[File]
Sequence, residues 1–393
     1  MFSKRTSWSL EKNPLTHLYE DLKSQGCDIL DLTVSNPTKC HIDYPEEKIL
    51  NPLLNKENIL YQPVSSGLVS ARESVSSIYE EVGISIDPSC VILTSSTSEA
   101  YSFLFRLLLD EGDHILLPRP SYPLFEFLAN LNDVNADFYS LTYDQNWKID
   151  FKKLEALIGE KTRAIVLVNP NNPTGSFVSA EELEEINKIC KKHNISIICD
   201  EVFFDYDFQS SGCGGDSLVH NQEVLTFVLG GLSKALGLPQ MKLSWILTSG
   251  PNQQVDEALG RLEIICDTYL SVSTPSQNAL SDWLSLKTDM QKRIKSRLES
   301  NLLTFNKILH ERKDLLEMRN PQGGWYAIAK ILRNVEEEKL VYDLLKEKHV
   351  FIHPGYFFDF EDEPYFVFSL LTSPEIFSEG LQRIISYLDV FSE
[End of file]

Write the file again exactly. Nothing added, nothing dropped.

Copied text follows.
Sequence, residues 1–393
     1  MFSKRTSWSL EKNPLTHLYE DLKSQGCDIL DLTVSNPTKC HIDYPEEKIL
    51  NPLLNKENIL YQPVSSGLVS ARESVSSIYE EVGISIDPSC VILTSSTSEA
   101  YSFLFRLLLD EGDHILLPRP SYPLFEFLAN LNDVNADFYS LTYDQNWKID
   151  FKKLEALIGE KTRAIVLVNP NNPTGSFVSA EELEEINKIC KKHNISIICD
   201  EVFFDYDFQS SGCGGDSLVH NQEVLTFVLG GLSKALGLPQ MKLSWILTSG
   251  PNQQVDEALG RLEIICDTYL SVSTPSQNAL SDWLSLKTDM QKRIKSRLES
   301  NLLTFNKILH ERKDLLEMRN PQGGWYAIAK ILRNVEEEKL VYDLLKEKHV
   351  FIHPGYFFDF EDEPYFVFSL LTSPEIFSEG LQRIISYLDV FSE